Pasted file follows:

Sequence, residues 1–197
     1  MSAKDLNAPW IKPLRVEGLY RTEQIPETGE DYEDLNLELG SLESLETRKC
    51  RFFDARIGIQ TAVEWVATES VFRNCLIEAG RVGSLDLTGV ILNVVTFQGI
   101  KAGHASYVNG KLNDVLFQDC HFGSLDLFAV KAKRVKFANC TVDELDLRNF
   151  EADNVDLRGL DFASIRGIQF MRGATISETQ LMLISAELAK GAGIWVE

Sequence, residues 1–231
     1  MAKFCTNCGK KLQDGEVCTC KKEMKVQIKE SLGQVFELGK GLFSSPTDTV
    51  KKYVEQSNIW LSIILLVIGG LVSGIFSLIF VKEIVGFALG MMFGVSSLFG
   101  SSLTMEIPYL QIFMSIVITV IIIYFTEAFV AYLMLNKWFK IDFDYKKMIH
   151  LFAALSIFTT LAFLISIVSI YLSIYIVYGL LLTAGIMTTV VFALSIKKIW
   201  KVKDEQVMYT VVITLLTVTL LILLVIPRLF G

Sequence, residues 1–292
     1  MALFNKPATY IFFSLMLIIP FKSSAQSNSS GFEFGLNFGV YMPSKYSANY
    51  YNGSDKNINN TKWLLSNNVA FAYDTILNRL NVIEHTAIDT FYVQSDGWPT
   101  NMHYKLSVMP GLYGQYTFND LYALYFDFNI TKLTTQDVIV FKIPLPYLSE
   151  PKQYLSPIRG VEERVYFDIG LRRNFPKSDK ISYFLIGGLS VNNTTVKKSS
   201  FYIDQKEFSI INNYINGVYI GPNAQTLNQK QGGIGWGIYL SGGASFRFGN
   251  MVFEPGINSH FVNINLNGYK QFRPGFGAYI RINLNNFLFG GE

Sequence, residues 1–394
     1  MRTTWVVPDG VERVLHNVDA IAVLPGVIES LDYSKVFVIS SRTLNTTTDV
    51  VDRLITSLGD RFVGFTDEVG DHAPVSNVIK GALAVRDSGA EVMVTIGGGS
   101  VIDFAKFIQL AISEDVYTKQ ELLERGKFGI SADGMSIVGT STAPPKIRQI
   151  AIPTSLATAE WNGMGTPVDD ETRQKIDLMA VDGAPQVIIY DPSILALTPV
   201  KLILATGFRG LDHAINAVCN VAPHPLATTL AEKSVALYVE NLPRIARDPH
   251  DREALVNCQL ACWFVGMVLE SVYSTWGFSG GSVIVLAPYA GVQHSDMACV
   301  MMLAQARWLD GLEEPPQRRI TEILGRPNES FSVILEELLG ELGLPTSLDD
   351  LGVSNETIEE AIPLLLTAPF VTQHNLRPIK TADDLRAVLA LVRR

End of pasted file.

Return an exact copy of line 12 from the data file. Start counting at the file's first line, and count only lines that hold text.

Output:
Sequence, residues 1–292